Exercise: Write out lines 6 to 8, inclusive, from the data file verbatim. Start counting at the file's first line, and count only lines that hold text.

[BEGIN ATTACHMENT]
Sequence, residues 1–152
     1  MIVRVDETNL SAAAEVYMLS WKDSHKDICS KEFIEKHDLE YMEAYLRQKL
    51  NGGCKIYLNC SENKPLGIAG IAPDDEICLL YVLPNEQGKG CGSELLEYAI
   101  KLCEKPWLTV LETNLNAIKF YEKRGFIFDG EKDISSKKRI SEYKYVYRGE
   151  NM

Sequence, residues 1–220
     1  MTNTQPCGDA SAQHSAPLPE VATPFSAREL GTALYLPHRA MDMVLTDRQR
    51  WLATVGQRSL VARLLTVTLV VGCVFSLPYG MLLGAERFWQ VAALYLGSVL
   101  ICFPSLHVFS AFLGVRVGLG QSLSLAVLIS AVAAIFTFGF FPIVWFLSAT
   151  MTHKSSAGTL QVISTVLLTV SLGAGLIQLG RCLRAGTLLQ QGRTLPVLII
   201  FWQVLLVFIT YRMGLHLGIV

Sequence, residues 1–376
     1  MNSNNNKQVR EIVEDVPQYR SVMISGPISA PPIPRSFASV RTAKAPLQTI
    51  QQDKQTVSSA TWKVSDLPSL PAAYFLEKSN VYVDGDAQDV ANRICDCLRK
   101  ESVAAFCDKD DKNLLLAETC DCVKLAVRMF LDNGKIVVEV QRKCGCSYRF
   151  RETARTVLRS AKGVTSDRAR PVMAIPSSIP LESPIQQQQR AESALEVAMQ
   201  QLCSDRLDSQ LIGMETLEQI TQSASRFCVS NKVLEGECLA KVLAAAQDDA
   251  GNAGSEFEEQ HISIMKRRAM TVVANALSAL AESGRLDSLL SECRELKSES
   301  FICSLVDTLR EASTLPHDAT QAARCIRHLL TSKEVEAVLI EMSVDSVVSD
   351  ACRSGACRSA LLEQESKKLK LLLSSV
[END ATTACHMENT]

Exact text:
Sequence, residues 1–220
     1  MTNTQPCGDA SAQHSAPLPE VATPFSAREL GTALYLPHRA MDMVLTDRQR
    51  WLATVGQRSL VARLLTVTLV VGCVFSLPYG MLLGAERFWQ VAALYLGSVL